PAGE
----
And it gets even more complex when we think about the focal point of the mourning – the Temple itself. This was not only a symbolically important building, not only a source of great pain – physical and metaphorical – in its destruction. The Temple was the place in which, to the ancient Israelite mind, communication with God took place. The destruction of the Temples was the removal of the ability to communicate adequately with God. The Temple represented the pinnacle of human closeness to God. The Talmud tells a story that when the first Temple was destroyed, groups of young priests gathered with the keys to the Sanctuary in their hands. They ascended a roof and declared: “Ruler of the World! Since we have not merited to be trustworthy custodians, let the keys be given back to You.” They then threw the keys toward Heaven. Something like a hand emerged and received them, and the priests threw themselves into the fire. Those were not just keys to a building, but the key to the human relationship with God.
But this I do not believe.
I do not mourn for the loss of the Temple.
In fact, theologically, spiritually, I would argue that the destruction of the Temples was probably the most important thing to happen to Judaism in our history. It completely changed the model of our religious life for the better.
The model of Judaism lost in the destruction of the Temples was one in which God is the preserve of one location – the Temple in Jerusalem; one caste – the hereditary priesthood; in which communication is done through a medium that was narrow, that did not require one’s whole self, and which ultimately could not have survived – sacrifice.
As a result of the loss of the Temple, Judaism evolved to a form in which all can be in relationship with God irrespective of where we are or who we are, in which the relationship is expressed not through killing of animals or giving of crops, but through prayer and through the way in which we live our lives.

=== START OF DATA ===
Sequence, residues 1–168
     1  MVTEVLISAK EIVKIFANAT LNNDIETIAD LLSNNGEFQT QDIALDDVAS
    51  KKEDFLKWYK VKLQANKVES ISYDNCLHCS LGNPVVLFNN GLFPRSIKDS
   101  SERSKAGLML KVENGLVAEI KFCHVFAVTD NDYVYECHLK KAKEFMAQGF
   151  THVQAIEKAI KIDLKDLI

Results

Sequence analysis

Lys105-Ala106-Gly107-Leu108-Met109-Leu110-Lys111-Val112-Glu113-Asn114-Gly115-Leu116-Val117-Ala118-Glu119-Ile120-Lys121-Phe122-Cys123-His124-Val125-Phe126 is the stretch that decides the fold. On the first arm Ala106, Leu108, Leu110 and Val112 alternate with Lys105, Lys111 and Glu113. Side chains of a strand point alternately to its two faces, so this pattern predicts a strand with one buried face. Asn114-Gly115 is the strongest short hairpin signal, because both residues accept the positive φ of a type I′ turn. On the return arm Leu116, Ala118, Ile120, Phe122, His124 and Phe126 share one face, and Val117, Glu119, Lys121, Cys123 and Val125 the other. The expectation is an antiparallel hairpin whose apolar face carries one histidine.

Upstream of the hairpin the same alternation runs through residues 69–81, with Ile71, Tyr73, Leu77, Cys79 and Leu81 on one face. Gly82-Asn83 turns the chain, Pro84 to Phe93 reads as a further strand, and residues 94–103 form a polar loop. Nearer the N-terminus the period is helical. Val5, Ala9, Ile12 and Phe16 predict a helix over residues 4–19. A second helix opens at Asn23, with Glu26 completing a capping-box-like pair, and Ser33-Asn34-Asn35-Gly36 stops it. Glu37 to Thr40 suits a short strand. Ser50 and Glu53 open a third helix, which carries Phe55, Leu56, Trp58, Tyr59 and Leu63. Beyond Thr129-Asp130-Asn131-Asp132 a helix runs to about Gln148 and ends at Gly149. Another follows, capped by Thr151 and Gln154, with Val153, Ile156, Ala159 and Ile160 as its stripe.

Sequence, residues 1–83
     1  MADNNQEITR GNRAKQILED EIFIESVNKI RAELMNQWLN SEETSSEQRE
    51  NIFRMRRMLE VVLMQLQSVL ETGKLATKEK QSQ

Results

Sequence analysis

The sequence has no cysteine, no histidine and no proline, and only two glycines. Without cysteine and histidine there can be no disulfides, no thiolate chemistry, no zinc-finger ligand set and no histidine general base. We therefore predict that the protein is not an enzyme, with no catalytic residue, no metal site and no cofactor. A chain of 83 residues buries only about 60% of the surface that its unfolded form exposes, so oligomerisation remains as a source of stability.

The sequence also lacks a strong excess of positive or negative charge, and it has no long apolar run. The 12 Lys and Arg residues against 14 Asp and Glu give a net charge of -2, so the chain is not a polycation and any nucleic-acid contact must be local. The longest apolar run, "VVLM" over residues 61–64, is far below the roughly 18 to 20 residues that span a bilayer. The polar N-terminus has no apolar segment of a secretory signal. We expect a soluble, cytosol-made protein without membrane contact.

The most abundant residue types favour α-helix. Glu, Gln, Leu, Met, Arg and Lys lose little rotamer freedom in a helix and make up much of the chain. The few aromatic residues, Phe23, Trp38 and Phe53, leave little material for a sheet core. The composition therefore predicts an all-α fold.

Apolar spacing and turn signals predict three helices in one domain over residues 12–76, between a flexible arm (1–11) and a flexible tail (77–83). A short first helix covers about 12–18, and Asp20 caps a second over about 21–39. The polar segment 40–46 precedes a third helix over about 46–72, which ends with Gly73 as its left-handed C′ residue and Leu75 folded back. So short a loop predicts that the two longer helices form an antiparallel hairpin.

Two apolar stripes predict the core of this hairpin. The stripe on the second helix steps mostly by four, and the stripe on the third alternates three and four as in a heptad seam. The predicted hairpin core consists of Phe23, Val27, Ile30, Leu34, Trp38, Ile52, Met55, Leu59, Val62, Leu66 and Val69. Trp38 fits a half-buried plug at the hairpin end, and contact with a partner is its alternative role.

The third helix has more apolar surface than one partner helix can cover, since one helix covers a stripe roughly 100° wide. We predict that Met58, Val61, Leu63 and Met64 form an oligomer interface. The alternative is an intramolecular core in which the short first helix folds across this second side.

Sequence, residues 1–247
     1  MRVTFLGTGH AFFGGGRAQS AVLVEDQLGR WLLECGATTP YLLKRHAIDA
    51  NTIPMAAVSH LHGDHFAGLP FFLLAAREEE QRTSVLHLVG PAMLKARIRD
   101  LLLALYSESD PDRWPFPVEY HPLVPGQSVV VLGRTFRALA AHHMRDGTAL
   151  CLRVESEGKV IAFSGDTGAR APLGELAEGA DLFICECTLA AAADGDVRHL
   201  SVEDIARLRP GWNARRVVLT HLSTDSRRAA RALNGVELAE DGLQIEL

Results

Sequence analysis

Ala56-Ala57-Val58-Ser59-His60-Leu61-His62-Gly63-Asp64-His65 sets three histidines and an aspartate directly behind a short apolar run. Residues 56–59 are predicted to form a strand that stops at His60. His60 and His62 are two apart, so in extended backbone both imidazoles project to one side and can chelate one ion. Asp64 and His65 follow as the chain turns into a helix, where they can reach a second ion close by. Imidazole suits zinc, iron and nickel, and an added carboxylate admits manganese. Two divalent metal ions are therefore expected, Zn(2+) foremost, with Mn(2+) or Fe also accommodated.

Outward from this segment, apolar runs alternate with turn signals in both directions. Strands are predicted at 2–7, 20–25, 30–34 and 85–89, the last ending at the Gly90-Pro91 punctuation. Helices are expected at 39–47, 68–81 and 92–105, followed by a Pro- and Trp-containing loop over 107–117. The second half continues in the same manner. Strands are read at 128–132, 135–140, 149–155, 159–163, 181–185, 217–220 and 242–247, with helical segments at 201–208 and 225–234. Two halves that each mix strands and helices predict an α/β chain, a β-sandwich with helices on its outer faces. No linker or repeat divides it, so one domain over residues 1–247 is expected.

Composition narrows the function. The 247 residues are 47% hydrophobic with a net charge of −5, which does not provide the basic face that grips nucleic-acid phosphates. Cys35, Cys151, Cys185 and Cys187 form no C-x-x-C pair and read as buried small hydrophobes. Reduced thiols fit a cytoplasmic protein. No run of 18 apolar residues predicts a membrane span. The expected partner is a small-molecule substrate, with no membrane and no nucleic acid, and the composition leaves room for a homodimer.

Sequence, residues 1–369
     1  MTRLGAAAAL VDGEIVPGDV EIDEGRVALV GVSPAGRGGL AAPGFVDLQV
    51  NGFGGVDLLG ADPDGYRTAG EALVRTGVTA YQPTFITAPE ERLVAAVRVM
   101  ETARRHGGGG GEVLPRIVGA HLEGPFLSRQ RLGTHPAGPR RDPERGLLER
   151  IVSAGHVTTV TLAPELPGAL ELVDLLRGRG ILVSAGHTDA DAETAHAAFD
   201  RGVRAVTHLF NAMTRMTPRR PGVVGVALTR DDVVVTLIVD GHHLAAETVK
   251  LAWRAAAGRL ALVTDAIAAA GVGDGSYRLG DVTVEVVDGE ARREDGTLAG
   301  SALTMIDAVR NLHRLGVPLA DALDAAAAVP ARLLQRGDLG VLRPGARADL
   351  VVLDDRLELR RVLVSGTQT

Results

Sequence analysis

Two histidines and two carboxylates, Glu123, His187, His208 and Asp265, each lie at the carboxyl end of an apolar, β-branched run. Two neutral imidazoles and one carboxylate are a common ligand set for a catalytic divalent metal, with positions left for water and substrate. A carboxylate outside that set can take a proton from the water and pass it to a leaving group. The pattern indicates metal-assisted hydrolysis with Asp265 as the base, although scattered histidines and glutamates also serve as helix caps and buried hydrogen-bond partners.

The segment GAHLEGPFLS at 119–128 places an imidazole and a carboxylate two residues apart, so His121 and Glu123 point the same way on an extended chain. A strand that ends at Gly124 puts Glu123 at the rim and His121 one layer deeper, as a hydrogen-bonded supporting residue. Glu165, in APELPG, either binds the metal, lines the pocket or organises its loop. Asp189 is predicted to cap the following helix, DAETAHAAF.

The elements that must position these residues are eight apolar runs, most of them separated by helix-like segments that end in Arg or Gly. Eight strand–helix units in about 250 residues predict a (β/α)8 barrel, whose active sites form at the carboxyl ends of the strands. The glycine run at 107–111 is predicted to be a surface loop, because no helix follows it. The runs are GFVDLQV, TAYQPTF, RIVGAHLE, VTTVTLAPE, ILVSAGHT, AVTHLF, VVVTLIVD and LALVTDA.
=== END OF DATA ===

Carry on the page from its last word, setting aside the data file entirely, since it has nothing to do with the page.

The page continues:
So, while in parts of the Jewish world the Temple is still considered to be the pinnacle of the human relationship with God, this is not our view. For us, Tisha B’Av does not articulate a hope that we might one day deserve the reward of its rebuilding. The aspiration for rebuilding may be expressed repeatedly in the liturgy used by Orthodox and Masorti Jews, but we do not believe that such a view has a place in a modern prayer-book.
The move from Temple was a good thing. Without the events of 586 and 70, it may not have taken place. So Tisha B’Av, despite the very real mourning, the very real sense of pain it conjures up, is also the anniversary of something extraordinarily positive.
This period in our calendar is a time to reduce in joy. But we need to be careful about what it is that we mourn. We should mourn the suffering and destruction that our ancestors experienced at one of the most terrifying moments in our history. Their pain was exacerbated by their understanding of what was going on – their sense of punishment and theological loss.
But as a Reform Jew, I do not mourn for the loss of the Temple. On Tisha B’Av there is a part of me that knows that this is also the anniversary of one of the most positive developments in our rich, complex history.
The journey of a Jewish year takes us through a variety of emotional states, including reflection on past tragedies and mourning. As Reform Jews we seek to appreciate what was lost in the destruction of the Temple without hoping for its re-establishment.
And, there is more to Tisha B’Av than this: As the summer begins and we look forward to holidays and sunshine what might be the benefits of walking the journey of mourning? As the heat becomes at times unbearable in the Middle East we might explore what it means exist on the brink of life and death. This is the final event of the Jewish calendar before Elul leads us up to the High Holidays – could it also be a way of beginning to unpack our grief, act against human suffering, and bring change in the New Year?